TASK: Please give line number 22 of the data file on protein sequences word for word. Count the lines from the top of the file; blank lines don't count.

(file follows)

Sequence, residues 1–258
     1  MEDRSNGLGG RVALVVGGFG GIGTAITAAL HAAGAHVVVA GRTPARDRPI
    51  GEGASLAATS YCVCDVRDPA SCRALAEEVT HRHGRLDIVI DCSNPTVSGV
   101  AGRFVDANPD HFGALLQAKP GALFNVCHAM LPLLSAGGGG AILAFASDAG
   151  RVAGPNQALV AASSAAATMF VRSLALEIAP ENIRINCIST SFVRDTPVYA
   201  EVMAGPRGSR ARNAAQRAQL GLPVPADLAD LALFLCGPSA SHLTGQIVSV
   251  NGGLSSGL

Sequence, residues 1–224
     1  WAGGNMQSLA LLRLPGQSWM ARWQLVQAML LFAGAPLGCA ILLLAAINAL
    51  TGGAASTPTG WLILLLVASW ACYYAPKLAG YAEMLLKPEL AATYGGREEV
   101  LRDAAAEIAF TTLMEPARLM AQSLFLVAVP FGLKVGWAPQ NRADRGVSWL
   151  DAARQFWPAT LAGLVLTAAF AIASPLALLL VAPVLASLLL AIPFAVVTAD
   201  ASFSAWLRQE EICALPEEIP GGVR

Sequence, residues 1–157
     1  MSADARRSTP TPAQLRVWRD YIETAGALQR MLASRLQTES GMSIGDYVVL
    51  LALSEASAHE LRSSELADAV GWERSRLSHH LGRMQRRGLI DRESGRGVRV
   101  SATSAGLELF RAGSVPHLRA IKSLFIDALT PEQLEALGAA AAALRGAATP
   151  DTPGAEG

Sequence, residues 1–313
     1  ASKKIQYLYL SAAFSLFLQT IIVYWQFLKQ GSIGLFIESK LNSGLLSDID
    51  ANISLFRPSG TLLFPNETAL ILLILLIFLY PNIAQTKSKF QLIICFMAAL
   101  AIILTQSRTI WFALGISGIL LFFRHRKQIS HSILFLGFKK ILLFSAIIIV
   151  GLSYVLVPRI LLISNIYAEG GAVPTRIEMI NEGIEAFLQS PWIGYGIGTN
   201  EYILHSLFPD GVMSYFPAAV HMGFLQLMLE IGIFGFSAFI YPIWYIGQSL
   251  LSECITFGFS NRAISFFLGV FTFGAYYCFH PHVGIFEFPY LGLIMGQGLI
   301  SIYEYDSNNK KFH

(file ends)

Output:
   101  AIILTQSRTI WFALGISGIL LFFRHRKQIS HSILFLGFKK ILLFSAIIIV